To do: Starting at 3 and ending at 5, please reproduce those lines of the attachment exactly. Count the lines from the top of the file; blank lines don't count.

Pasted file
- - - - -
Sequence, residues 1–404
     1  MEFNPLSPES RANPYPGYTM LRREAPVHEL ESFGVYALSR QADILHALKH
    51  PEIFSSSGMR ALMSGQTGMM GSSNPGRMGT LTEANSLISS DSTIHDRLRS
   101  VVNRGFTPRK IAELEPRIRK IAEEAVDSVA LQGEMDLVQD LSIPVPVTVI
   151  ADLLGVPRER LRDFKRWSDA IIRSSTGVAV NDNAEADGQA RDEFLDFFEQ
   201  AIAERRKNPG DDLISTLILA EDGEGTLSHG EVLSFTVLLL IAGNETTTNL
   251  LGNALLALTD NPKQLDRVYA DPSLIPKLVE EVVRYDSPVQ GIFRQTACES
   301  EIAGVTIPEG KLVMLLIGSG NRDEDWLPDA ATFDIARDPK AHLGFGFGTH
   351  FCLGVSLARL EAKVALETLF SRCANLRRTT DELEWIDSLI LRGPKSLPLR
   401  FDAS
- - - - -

    51  PEIFSSSGMR ALMSGQTGMM GSSNPGRMGT LTEANSLISS DSTIHDRLRS
   101  VVNRGFTPRK IAELEPRIRK IAEEAVDSVA LQGEMDLVQD LSIPVPVTVI
   151  ADLLGVPRER LRDFKRWSDA IIRSSTGVAV NDNAEADGQA RDEFLDFFEQ